Here is a neat encapsulation of a common approach to climate denial.
At a press conference on Monday, a reporter asked the coach of Paris St. Germain—one of the largest soccer clubs in the world, and funded by Qatar—about the club’s decision to take a private jet the 240 miles from Paris to Nantes. The coach, Christophe Galtier, looked at Kylian Mbappé, the star of PSG seated beside him, and the two exchanged glances like smirking boys in church. Then, Mbappé laughed. Mbappé folded over laughing, his head almost hitting the table. Galtier giggled.
The coach then brought the press in on the joke and said, “This morning we talked about it with the company which organizes our trips and we’re looking into traveling on sand yachts.”
The clip spread. Mbappé and Galtier have been chastised to take the crisis more seriously. Of course, despite the chuckles, it is not ridiculous to ask if a train would be more appropriate, not to mention efficient. Nantes is less than two hours to Paris by rail. In an hour, a private jet can emit—according to the Washington Post—2 metric tons of CO2; a typical U.S. car emits 5 tons in a year.
And yet why did even asking the question to Mbappé and Galtier provoke such laughter?
On one hand, the barely mad scolds among us, like French Economy and Finance Minister Bruno Le Maire, can criticize them for their lack of gravitas at the “least opportune moment.” You can say they did not know better. It was all a mistake. Move on. Consider the train, mes amies?
But that misses a much larger point. That laugh inadvertently reveals a great deal about what it means to think about the drastic changes in our lives as the world copes with catastrophic climate change.
PSG is owned by Qatar, the largest natural gas producer in the world. The funds controlled by the state have generated money from energy trades to not only fund a country but also buy the biggest club in France and lubricate talks with FIFA, allowing the country to host a World Cup in the winter so the games could be played in and around its capital, Doha. The only reason Qatar is a geopolitical power is because it profits from an energy system that causes climate change. Add, to that, the pervasive and overwhelming power of the superrich. A petro-state buying a club and making it so affluent that it travels like Kylie Jenner to go across town is the perfect distillation of how the literal jet set has embraced a new cult of climate denying.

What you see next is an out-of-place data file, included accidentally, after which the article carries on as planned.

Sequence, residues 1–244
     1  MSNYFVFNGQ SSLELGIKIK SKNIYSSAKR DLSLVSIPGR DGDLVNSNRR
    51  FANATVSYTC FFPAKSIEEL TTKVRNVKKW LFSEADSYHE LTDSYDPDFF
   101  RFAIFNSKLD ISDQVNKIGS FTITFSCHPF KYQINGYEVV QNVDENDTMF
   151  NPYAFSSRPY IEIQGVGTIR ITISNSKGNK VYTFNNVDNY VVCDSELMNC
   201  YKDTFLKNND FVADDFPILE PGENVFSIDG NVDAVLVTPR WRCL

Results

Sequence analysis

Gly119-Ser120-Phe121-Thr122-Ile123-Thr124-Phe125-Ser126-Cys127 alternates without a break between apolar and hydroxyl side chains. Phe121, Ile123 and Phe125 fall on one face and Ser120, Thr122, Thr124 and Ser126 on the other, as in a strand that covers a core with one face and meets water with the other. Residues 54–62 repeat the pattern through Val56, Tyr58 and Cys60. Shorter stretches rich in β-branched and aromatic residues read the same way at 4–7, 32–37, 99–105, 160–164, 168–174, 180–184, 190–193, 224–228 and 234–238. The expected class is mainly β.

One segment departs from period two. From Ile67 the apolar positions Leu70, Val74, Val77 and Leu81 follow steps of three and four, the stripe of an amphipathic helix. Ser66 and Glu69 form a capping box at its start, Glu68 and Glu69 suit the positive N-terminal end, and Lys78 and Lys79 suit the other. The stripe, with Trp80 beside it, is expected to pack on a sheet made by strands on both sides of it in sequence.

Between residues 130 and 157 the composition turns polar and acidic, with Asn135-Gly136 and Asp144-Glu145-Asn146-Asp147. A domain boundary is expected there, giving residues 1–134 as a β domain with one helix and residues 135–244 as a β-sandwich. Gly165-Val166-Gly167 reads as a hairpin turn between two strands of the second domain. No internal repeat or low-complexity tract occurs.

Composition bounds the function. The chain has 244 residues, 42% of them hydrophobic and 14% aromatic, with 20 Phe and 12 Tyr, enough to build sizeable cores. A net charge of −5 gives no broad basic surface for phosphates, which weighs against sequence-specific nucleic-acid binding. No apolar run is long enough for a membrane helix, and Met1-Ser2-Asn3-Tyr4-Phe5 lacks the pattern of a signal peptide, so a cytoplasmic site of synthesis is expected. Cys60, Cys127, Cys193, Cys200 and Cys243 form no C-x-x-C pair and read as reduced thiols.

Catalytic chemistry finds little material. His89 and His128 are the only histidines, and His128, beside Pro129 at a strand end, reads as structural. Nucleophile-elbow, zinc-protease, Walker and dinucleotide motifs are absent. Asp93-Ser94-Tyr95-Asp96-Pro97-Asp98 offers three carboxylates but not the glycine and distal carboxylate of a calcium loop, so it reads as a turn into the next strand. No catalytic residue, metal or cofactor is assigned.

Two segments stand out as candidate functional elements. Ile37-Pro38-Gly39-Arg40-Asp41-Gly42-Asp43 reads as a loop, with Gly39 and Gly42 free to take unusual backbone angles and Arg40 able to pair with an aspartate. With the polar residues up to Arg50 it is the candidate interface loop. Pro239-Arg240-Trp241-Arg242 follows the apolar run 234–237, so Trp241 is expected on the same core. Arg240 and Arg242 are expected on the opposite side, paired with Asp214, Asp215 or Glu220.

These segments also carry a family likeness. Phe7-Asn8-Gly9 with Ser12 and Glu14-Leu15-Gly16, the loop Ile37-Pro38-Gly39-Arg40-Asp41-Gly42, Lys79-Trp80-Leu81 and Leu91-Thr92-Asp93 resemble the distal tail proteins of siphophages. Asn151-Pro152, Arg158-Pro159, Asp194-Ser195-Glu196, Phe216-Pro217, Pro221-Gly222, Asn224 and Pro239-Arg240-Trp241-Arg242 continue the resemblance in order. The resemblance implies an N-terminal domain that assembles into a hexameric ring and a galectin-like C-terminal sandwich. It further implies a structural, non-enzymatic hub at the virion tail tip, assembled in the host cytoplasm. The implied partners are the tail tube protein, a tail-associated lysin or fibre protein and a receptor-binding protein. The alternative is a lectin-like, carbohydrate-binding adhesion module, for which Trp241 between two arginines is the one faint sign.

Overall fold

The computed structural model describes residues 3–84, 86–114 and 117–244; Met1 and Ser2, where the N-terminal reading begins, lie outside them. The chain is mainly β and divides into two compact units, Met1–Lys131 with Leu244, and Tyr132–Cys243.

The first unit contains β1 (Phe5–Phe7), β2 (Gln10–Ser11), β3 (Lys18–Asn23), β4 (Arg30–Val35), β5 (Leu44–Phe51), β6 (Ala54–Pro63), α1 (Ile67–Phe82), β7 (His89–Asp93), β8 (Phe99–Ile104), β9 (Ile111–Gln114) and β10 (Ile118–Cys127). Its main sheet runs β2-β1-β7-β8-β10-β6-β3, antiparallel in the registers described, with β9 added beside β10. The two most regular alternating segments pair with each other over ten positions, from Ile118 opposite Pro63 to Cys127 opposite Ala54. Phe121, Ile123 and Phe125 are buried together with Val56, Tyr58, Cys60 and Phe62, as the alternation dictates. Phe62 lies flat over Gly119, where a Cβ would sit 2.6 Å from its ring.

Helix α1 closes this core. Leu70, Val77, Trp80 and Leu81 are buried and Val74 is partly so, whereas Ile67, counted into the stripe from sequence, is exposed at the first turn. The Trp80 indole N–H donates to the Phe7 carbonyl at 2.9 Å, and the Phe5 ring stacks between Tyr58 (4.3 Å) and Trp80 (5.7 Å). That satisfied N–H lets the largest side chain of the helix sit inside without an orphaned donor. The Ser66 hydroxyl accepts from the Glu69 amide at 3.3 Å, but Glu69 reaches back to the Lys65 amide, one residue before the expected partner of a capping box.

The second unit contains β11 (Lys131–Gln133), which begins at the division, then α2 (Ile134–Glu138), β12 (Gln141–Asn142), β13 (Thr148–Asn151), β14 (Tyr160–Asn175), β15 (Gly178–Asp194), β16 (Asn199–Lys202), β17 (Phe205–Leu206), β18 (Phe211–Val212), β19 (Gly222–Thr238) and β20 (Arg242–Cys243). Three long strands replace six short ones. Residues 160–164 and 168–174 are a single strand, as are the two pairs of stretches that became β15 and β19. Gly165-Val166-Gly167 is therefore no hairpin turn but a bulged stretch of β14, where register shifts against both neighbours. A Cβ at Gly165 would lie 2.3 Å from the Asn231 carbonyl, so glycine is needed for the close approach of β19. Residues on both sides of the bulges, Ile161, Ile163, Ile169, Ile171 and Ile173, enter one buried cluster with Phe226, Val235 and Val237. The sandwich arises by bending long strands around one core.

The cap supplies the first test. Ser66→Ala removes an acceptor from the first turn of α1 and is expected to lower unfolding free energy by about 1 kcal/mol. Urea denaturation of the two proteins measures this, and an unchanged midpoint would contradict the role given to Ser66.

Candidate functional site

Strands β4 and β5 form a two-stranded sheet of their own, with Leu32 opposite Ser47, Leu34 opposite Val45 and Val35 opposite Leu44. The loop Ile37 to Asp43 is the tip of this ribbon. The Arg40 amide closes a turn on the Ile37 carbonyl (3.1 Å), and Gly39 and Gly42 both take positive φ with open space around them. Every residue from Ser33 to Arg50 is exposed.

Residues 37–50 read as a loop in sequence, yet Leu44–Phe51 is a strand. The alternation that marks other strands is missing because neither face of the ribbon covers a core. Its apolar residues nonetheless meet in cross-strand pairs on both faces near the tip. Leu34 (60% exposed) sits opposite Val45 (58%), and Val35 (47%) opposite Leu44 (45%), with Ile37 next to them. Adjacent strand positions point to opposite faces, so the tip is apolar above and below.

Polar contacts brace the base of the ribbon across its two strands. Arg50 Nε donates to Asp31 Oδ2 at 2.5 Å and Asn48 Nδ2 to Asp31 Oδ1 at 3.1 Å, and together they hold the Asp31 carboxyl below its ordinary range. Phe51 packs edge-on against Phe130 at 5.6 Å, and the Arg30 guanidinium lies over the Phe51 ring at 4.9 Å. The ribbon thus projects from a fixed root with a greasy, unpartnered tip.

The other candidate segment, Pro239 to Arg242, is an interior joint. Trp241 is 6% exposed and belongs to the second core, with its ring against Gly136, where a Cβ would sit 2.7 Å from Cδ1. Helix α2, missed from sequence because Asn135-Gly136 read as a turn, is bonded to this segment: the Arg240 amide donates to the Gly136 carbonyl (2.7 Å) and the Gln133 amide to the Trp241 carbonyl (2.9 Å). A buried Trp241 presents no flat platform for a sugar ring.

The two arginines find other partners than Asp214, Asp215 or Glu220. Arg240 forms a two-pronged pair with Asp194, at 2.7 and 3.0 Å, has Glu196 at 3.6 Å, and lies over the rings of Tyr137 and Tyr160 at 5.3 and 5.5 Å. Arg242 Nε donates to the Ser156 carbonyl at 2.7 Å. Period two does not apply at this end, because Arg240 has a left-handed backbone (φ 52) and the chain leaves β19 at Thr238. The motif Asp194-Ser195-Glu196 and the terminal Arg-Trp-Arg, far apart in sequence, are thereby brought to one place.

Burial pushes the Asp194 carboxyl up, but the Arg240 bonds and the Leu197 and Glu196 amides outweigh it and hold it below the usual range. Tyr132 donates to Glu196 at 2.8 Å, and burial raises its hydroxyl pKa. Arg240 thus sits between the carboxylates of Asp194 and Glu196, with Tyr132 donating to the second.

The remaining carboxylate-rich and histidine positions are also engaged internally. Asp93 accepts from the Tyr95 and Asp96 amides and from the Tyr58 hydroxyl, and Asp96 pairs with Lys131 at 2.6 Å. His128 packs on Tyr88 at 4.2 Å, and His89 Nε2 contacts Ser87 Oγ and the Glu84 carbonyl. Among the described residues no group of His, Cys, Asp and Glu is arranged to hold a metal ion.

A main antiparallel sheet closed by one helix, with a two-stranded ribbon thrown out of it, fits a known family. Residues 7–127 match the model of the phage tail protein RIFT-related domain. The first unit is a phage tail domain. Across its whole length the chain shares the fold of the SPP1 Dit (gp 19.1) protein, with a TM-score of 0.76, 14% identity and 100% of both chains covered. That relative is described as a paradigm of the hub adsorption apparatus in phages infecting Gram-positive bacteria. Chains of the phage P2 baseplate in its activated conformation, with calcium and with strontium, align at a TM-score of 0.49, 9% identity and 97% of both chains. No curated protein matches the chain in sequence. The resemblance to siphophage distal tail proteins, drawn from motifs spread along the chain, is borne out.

What Mbappe and Galtier have accidentally but correctly intuited is that the idea of asking the likes of them to take a train is a farce. The reason they don’t travel by train is completely logical, it is absurdly logical, it is laughably logical: They don’t have to. In fact, they don’t have to do anything they don’t want to do—greater good be damned. It’s one of the many benefits of being loaded: to live free.
And that, for me, is the more relevant version of climate denialism. Corporations, the wealthy—and, let’s face it, even the rest of us—hope a warming world will not have to lead to any actual change structured as a demand on our lives. Did PSG ever consider taking the train? No. Of course not. They will have to be forced.
As always, we will be told it is illogical—or ridiculous or not pragmatic—to dream of the rich and the powerful altering their actions, while others who have far less make multiple sacrifices without a choice. And so this lesson is broader. The laugh is just the highly rarified version of a New Jersey investment banker fighting congestion pricing in Manhattan so he can drive at only a social cost, not a personal one. You don’t have to argue with “the science” to diminish the fact that the result is the same: a denial of the realities of human behavior causing climate change.
Sure, the older version of denialism endures, the version that insists on believing away the coming harm by suggesting there is no harm at all. The classic performance by Republican Oklahoma Sen. James Inhofe holding a snowball in 2015 sums it up: explaining that, actually, it isn’t getting hotter at all. But Inhofe’s gag, and ethos, can be pushed away through data, spreadsheets, graphs, and articles noting “experts agree” that climate change is getting bad. There is a scientist ready to say no. There is a flood on the news.
The assumptions of Galtier and Mbappe and PSG in general are not so easily changeable. The denialism on showcase Monday is not one that can be disproved.
Which is to say that laugh, I think, can stand in for so much naturalization. It can substitute as a broader assumption that we all must change as a the warming planet causes havoc but within the winnowed parameters of our unequal world. Don’t be crazy. PSG is not taking the train.
Let them fly jets—and eat the world, too.